Original Research

Play in Grade R classrooms: Diverse teacher perceptions and practices

Shelley Aronstam, Martin Braund
South African Journal of Childhood Education | Vol 5, No 3 | a242 | DOI: https://doi.org/10.4102/sajce.v5i3.242 | © 2016 Shelley Aronstam, Martin Braund | This work is licensed under CC Attribution 4.0
Submitted: 11 March 2015 | Published: 06 February 2016

About the author(s)

Shelley Aronstam, General Education and Training Department, Cape Peninsula University of Technology, South Africa, South Africa
Martin Braund, General Education and Training Department, Cape Peninsula University of Technology, South Africa


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Abstract

The study explores the role of play in Grade R classrooms in the Cape Peninsula. The focus is on perceptions of teachers from differing backgrounds regarding how play is supported and utilised in the classroom. Theories of childhood play as propounded by Jean Piaget and Lev Vygotsky provide the theoretical background to our understanding of child play. Data were collected from 104 teachers in 41 primary schools and early childhood development (ECD) centres in both well-resourced and under-resourced environments, using semi-structured interviews and guided observations of practice. It was found that, although play is a difficult concept to define, it is easy to recognise. Teachers at some schools seem to have less knowledge of the pedagogy of play. Insights into early childhood teachers’ views on the role of play in the curriculum have the potential to inform the planning for teacher training and national policy development for early years’ learning. For these reasons, it is necessary to define and understand structured and formal play in the diverse contexts of South Africa, specifically by following, through the years, the teachers who utilise play as pedagogical tool.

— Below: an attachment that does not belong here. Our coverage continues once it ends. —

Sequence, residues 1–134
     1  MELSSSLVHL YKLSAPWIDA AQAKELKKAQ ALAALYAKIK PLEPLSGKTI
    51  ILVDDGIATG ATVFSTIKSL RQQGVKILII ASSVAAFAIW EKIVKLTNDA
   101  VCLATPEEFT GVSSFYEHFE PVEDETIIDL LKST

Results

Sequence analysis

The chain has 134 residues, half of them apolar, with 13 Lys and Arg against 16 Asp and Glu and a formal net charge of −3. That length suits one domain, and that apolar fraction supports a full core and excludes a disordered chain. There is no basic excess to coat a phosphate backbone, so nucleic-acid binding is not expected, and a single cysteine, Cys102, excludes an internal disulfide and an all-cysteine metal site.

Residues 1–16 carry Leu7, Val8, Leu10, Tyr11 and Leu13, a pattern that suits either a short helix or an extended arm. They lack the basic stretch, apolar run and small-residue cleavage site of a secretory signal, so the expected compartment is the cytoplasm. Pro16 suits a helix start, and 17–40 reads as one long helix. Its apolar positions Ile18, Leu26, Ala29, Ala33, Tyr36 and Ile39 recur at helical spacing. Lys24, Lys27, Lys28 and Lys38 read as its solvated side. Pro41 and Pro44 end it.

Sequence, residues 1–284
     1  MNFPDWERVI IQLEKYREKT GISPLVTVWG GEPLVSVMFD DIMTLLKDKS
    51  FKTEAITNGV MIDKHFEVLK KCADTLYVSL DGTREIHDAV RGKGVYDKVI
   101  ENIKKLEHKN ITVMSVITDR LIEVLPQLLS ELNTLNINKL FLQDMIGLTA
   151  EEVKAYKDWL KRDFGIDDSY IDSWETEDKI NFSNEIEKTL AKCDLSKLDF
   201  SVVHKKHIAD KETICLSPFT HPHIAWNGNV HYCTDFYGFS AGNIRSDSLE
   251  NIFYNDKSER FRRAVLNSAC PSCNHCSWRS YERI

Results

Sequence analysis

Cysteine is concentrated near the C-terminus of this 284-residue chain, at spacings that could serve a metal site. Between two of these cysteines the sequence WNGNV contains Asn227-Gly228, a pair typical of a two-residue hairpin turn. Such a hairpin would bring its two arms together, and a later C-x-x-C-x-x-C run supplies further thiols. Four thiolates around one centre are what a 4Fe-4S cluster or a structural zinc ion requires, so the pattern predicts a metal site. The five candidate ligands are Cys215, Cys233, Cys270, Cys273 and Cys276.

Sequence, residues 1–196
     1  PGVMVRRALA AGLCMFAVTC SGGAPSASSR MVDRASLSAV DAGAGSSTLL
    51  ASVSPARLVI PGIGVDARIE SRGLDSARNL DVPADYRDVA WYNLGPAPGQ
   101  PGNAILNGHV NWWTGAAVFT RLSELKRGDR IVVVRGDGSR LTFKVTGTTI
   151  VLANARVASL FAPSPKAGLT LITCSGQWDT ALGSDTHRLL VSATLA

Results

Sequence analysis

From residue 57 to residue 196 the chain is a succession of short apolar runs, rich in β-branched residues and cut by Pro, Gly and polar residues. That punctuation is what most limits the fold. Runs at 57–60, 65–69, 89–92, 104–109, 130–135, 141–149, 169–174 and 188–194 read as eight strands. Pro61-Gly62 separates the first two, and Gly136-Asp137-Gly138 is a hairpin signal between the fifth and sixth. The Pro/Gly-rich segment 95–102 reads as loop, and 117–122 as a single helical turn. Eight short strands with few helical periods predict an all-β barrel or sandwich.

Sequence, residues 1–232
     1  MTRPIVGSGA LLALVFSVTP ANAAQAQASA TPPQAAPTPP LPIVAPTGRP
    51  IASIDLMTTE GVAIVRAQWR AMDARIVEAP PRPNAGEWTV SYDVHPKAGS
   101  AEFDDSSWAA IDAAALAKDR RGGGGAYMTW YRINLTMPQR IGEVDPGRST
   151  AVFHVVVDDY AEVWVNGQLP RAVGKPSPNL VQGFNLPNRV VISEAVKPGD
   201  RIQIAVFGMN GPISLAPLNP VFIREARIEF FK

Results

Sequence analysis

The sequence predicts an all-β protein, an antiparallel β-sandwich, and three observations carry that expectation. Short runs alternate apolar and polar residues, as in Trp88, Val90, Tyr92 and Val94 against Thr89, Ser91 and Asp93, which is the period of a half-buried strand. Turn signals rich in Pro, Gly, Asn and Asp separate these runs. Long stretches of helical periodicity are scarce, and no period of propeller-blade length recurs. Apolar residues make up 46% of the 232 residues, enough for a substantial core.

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Crossref Citations

1. Imaginative play and reading development among Grade R learners in KwaZulu-Natal: An ethnographic case study
Mitasha Nehal, Peter N. Rule
South African Journal of Childhood Education  vol: 8  issue: 1  year: 2018  
doi: 10.4102/sajce.v8i1.518